and become the principles of his thoughts, his judgments, his determinations, and his actions. They are the seeking for food, the taking of precautions for his safety, and the gratification of his amorous desires. Leroy also suggests that we may recognize in beasts natural passions, and other passions which might be called factitious or reflexive. Of the former class are the impulses of hunger, the ardent desires of love, and maternal tenderness; of the latter are the fear of want, or avarice, and jealousy, which leads to vengeance. Other authors, among them Gall and August Comte, have endeavored to frame a classification of the cerebral faculties. Without discussing here these different systems which have been proposed chiefly to fix the number of man's elementary faculties, we believe that it will be convenient for the exposition of our subject to recognize among animals such instincts or elementary faculties as the nutritive, the genetic, the maternal, and the destructive instincts; and, as among those easier to establish with man than with animals, the instinct of vanity and the social instincts. We shall study particularly the exaggerations of these instincts, which are injurious to other animals of the same species, and which result in such specific acts as are regarded as crimes or offenses in human societies. "The animal and man," says Gall, "are organized for anger, hatred, sorrow, fear, and jealousy, because there are things and events which, according to their nature, deserve to be detested or loved, desired or feared."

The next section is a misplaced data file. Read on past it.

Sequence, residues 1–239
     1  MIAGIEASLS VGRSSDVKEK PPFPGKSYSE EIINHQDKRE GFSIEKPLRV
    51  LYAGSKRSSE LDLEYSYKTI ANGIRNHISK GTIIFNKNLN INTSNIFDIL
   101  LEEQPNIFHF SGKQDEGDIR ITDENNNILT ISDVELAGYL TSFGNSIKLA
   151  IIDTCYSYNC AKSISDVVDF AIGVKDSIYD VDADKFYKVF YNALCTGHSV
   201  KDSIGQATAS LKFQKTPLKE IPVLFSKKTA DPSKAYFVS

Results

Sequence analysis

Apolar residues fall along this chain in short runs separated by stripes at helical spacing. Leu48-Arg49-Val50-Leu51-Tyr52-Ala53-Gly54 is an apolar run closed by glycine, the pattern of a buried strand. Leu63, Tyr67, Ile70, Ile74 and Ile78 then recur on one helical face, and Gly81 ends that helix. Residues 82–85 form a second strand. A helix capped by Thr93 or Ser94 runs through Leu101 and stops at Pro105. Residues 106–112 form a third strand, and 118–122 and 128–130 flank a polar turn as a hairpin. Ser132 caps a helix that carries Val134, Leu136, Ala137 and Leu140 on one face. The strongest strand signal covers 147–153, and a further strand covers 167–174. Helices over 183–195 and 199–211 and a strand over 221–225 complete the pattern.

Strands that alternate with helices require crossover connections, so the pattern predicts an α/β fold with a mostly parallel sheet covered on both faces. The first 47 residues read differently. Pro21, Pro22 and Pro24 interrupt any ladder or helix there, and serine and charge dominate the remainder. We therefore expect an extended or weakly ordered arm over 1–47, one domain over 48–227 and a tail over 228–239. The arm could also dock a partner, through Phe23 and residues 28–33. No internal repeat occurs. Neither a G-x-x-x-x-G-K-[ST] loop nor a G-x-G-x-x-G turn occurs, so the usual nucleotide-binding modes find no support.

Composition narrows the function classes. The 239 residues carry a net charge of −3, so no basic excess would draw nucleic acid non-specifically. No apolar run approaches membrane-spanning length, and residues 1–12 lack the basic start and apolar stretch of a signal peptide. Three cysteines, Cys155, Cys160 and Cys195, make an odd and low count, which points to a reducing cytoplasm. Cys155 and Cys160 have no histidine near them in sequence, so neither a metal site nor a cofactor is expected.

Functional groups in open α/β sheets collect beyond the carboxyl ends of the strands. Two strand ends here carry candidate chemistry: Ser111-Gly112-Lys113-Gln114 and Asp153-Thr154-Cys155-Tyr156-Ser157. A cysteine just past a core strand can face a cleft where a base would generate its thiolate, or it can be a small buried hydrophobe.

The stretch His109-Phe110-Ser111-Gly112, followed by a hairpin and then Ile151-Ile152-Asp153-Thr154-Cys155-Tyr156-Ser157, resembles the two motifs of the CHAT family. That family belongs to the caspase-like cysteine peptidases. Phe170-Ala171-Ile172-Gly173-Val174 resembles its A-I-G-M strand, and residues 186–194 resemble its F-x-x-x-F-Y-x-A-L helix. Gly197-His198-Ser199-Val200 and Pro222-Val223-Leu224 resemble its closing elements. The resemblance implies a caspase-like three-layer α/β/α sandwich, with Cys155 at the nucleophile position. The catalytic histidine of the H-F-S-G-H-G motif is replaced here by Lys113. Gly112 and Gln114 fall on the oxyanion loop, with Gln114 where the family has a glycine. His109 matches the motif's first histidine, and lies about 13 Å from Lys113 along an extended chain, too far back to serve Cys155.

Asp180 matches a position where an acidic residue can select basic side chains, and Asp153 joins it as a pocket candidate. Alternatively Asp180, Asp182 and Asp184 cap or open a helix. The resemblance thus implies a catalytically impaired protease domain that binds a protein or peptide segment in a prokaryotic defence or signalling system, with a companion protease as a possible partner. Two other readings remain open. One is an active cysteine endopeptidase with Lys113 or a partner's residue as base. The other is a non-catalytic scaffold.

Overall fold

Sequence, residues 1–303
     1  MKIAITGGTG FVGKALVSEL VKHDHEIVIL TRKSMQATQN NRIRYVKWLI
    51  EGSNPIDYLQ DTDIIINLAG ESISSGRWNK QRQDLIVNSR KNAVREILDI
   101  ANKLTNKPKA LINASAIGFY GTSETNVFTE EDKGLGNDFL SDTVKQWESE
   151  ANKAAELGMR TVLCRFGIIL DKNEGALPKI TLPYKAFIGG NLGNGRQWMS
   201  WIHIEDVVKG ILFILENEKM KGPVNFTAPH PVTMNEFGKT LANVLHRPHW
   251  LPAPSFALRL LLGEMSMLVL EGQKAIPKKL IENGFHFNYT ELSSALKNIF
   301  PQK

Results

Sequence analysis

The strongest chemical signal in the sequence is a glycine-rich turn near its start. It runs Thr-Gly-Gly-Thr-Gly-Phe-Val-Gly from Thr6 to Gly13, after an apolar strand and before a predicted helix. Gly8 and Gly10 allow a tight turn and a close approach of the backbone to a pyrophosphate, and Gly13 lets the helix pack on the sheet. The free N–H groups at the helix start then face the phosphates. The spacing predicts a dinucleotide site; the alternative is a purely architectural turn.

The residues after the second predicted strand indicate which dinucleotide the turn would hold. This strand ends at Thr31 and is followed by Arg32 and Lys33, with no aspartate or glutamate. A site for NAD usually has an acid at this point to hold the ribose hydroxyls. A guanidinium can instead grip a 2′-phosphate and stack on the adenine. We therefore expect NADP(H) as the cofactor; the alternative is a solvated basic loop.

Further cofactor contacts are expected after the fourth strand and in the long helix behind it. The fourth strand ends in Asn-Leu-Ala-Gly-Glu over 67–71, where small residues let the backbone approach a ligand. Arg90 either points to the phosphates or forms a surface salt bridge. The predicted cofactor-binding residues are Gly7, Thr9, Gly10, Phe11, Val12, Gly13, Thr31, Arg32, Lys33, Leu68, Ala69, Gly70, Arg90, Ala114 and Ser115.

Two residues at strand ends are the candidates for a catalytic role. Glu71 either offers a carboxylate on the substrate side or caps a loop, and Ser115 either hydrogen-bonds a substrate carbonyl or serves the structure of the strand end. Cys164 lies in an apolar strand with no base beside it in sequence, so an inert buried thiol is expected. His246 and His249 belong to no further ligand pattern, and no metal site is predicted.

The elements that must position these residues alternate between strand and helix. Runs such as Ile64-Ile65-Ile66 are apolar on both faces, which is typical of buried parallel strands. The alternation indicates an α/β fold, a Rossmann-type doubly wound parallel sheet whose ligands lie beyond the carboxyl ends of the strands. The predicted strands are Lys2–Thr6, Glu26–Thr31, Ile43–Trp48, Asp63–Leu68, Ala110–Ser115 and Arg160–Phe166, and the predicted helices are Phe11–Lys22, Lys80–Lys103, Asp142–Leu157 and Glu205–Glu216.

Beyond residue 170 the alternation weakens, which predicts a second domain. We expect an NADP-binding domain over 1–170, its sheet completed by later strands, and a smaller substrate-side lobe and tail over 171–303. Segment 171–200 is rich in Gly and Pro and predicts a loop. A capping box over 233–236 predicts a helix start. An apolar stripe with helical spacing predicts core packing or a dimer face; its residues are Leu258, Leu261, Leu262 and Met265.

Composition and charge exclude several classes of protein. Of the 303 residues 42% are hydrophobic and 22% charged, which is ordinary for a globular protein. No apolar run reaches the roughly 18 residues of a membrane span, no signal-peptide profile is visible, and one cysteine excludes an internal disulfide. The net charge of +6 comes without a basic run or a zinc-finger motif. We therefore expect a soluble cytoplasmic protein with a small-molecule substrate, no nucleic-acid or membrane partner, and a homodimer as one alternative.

1. Acts of Offense committed by Animals under the Influence of the Nutritive Instinct.—No distinctions are observed with regard to sex. When hunger makes itself felt, all animals exhibit, in different and varied degrees, according to their nature, the spectacle of the "struggle for existence." The fact is so well known that it does not require any great elaboration. The animals longest and most completely domesticated continue at feeding-time to steal food from each other, and to quarrel about it. The use of separate mangers, racks, boxes, and stalls, is based upon the knowledge of this fact. The object of the most important features of the interior arrangements of stables is to prevent the stealing of food and the trampling of the weaker by the stronger. It is well known that among the species which we see daily are individuals manifesting clearly the disposition to theft. Some of them have an exaggerated nutritive instinct, are avaricious, and lay up provisions. Leroy says that when wolves have brought down a large animal, they eat a part of it and carefully hide the rest; but this precaution does not abate their propensity to hunt, and they have recourse to their cache only when the chase has been unsuccessful. The same observation may be made with reference to dogs, foxes, and other animals.
M. Cornevin has remarked that, among species which live in community, not only is food stolen, but individuals which are on the point of perishing are eaten. Wolves, in spite of the proverb, rats and mice, eat